How is brain surgery performed?
Dr. Greg Foltz of the Swedish Neuroscience Institute describes the routine and frequency of brain surgery. Computer brain mapping produces a three-dimensional image of a patient’s brain. Once inside, physical mapping occurs. A precise ultrasound device is used to remove a brain tumor.
Brain Tumor: Treatment overview
In brain tumor care, different types of doctors often work together to create a patient’s overall treatment plan that combines different types of treatment. This is called a multidisciplinary team. Cancer care teams also include a variety of other health care professionals, including physician assistants, oncology nurses, social workers, pharmacists, counselors, dietitians, and others.
Descriptions of the most common treatment options for a brain tumor are listed below, including treatments that help manage symptoms. Treatment options and recommendations depend on several factors:
- The size, type, and grade of the tumor
- Whether the tumor is putting pressure on vital parts of the brain
- If the tumor has spread to other parts of the CNS or body
- Possible side effects
- The patient’s preferences and overall health.
Some types of brain tumors grow rapidly; other tumors grow slowly. Considering all these factors, your doctor will talk with you about how soon treatment should start after diagnosis.
Treatment options include those described below, such as surgery, radiation therapy, and chemotherapy. Your care plan may also include treatment for symptoms and side effects, an important part of your medical care.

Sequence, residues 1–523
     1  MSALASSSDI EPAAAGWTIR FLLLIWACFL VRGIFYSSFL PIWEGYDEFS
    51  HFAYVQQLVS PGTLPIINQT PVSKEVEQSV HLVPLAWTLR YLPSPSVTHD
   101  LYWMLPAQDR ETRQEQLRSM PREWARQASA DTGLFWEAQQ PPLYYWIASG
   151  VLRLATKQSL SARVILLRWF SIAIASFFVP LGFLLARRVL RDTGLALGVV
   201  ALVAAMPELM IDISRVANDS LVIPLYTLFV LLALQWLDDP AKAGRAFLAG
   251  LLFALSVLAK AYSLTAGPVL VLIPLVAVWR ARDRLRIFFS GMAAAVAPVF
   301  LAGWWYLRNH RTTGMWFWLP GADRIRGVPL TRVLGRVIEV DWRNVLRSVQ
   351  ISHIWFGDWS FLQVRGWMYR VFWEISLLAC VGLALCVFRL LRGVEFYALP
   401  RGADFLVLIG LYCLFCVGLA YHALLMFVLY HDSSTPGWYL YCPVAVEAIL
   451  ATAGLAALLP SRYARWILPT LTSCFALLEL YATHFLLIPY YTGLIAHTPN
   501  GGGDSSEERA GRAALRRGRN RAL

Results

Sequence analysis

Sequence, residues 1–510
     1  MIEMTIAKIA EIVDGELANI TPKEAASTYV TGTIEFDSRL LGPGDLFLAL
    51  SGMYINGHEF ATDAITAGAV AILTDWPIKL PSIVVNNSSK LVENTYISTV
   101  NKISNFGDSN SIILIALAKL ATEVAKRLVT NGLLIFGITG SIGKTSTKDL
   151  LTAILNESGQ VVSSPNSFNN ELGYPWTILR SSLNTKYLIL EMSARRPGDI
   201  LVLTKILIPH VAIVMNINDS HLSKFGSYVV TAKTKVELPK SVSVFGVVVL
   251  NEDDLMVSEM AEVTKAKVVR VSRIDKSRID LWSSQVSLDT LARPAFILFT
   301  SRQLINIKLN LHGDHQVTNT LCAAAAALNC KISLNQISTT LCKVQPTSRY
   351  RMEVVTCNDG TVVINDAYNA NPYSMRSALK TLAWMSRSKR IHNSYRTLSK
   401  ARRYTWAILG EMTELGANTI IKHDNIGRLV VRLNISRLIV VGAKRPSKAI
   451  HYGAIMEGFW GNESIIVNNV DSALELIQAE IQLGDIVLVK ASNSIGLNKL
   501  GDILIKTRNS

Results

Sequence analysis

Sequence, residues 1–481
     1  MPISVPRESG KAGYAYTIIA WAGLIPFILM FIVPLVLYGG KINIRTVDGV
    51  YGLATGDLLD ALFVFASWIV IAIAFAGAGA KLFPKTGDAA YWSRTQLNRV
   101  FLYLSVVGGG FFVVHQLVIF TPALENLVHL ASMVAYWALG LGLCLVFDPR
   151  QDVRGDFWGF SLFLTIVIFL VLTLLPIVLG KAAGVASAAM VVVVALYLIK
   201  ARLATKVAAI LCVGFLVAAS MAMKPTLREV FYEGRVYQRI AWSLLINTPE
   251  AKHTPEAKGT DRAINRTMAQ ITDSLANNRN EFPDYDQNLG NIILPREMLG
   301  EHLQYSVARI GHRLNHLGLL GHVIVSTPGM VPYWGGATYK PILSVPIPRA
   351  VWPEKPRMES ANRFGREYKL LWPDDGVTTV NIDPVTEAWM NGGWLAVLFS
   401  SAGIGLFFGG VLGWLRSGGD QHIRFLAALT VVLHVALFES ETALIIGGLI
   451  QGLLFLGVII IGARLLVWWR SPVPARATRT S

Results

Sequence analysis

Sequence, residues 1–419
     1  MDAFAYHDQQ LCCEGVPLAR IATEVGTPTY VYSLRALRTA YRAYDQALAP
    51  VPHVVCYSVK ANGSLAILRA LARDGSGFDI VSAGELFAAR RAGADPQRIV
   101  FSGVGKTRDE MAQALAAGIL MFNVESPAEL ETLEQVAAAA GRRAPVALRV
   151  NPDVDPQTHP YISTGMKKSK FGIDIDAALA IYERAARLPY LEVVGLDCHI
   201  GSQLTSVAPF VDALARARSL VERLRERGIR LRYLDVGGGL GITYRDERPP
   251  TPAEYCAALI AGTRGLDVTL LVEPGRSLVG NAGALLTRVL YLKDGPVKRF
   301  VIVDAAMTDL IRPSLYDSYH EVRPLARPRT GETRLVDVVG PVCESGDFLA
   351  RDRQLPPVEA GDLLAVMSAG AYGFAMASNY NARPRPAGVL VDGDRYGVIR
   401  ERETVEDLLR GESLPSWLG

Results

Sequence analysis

For a low-grade brain tumor, surgery may be the only treatment needed especially if all of the tumor can be removed. If there is visible tumor remaining after surgery, radiation therapy and chemotherapy may be used. For higher-grade tumors, treatment usually begins with surgery, followed by radiation therapy and chemotherapy. Your exact treatment plan will be made by your health care team.
Successfully treating brain tumors can be challenging. The body’s blood–brain barrier normally protects the brain and spinal cord from harmful chemicals in the bloodstream. However, this barrier also keeps out many types of chemotherapy. Surgery can be difficult if the tumor is near a delicate part of the brain or spinal cord. Even when the surgeon can completely remove the original tumor, there may be parts of the tumor remaining that are too small to be seen or removed during surgery. And, radiation therapy can damage healthy tissue.
However, research in the past 20 years has helped to significantly lengthen the lives of people with brain tumors. More refined surgeries, a better understanding of the types of tumors that respond to chemotherapy, and more targeted delivery of radiation therapy have lengthened lives and improved the quality of life for many people diagnosed with a brain tumor.